Today I woke up listening to songs filled with messages of hope, calls for peace and reflection. John Lennon's "Give Peace a Chance," is beautiful in its simplicity of word, poignant in message as heartfelt today as when it was recorded in the Queen Elizabeth Hotel in Montreal 41 years ago.

Thursday, July 1, 2010

Summer Days

Crimson Curtains
By Maureen Baraka Bonfante


Cool bursts push the crimson curtains forward.
Like a parent readying a child for a full swing.
First an inch, then six, fourteen, twenty.

Cool bursts push the crimson curtains forward.
 Holding them out generously, like Magi bearing gifts.
A special summertime gift.
For the count.
One, one two, one two three.
Fading memories of endless hazy, hot and humid days.

Crimson curtains undulating divinely to cool heaves.
Their momentum rising like a pair of belly dancers
charged by the energy of adoring fans,
until a short respite collapses them back swiftly.
Pressing them gently upon the screen.

Monday, May 3, 2010

Steam, Clean, Press: A Dry Cleaning Story and Look at Two Great, Black Inventors Thomas L. Jennings & Lewis H. Latimer


HELP WANTED:

 PRESSER/FINISHER
Experienced preferred.
(Will consider training bright beginner). 
Inquire within.

Photo: Alfred Eisenstaedt/Time and Life Pictures/Getty Images
 
"Should I?" "Shouldn't I?" "Should I?" "Shouldn't I?" Good thing I don't have a daisy in my hand. It would be pulp by now. Who would've thought applying for a job could cause so much internal debate.

"I have a Bachelor's Degree. From Queens College! You know, Jerry Seinfeld's Alma Mater!!"

(But, the bills are piling up and we may not make next months rent and utilities).

"Okay. Let's say heads, yes, tails, no!" Need a coin. Need a coin. "I gotta have a quarter in here somewhere!" Damn deep empty pockets. "Lint, keys... Yes. A nickle! That'll have to do!"

STOP. 

"Maybe I should sleep on it. I have only been out of work a few months. There's gotta be something better out there coming my way eventually." Eventually. A word you gotta love/hate. Eventually like sometimes and maybe opening up your heart's, soul's, thought's internal universe to some possibility but probability unknown.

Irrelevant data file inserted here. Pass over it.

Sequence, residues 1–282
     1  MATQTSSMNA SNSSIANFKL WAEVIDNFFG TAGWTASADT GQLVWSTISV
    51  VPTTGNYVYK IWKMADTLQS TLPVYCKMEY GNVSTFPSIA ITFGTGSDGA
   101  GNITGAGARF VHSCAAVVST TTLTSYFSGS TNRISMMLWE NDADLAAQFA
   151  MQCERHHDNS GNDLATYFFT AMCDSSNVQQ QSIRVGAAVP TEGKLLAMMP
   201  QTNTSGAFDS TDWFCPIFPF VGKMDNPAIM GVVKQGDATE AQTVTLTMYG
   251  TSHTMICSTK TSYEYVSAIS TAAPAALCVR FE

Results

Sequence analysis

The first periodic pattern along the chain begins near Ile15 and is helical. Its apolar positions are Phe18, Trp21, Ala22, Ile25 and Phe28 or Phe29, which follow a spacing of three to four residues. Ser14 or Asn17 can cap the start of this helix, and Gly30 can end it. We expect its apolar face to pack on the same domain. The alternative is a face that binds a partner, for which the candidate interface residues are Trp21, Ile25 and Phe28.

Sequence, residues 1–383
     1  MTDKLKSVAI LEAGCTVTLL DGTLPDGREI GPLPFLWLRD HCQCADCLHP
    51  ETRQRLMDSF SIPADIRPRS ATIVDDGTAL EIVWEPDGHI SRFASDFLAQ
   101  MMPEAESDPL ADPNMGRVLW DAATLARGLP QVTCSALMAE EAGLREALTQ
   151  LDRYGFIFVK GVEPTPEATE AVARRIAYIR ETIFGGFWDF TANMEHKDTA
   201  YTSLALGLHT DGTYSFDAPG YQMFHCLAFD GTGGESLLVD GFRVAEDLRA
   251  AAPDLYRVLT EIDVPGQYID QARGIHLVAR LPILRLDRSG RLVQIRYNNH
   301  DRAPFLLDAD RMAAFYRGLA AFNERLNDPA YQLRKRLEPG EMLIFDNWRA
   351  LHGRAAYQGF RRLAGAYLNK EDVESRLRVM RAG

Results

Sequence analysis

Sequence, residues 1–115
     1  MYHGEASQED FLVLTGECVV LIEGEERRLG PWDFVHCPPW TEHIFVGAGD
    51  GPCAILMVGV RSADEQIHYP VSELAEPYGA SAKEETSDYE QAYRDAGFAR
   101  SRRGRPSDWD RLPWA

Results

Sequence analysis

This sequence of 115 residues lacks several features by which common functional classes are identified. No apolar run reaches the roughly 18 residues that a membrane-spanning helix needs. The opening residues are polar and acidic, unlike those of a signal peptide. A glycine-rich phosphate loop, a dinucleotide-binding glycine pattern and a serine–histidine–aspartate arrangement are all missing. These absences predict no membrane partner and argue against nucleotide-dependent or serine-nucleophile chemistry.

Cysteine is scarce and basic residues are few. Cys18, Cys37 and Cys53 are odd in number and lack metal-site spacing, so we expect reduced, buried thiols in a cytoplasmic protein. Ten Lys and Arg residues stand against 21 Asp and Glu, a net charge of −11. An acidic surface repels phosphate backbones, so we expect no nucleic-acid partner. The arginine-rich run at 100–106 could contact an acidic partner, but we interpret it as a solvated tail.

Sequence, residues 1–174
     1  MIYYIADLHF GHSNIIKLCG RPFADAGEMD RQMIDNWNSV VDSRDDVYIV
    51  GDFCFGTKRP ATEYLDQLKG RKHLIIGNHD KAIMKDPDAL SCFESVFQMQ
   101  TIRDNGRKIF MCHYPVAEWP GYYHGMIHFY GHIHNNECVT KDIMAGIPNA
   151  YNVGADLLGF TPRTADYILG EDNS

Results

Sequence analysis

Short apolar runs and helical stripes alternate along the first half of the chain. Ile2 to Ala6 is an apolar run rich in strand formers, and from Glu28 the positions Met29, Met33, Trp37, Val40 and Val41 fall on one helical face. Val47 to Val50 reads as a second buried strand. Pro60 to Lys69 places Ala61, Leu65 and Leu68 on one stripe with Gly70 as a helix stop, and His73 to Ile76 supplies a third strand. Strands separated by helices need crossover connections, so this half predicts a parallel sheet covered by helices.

(Then there's eating. We like and need to eat. Especially the child). 

"But what if the job's taken tomorrow?" 

(Yeah, how many people are looking for jobs at a dry cleaner?) 

"Well, there's me. So, why wouldn't there be someone else, too? Someone with experience!"

I can't even get a part-time job as a waitress at a diner where they know me. "Do you have experience?" "Yes, I serve my family. I'm a Mom. You know I know how to multitask and stay cool under pressure. In addition, I help serve meals at community dinners." "No, I mean waiting tables." My interviewer smiles ever so compassionately. We both know how this brief interlude is going to end. "No." "Sorry." "Good luck!" "Thanks!" "I am really sorry," she says, "maybe when you get some experience we can consider you." (Yeah, like that's going to happen. I tried where they don't know me and got NO's. Heck. Now what?). Watery eyes pass around like drinks at the neighborhood pubs on pay day. The owner turns his away quickly to the cook's counter and wipes a bottle of ketchup on "Sorry." I am heartbroken, discouraged and ready to throw in the towel but not mad. I can't be mad. Her sorry is sincere. I know she's been there and understands my plight.